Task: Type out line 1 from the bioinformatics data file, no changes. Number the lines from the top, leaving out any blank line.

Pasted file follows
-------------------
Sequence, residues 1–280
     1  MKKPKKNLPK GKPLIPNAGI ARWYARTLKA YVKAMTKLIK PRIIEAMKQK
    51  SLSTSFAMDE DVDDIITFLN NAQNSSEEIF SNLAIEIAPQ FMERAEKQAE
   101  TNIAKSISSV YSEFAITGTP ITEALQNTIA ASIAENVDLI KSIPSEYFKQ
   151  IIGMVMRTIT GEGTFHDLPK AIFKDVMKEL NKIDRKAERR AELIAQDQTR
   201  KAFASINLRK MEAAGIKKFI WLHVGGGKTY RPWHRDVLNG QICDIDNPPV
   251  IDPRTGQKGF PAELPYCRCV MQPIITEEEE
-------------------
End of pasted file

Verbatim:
Sequence, residues 1–280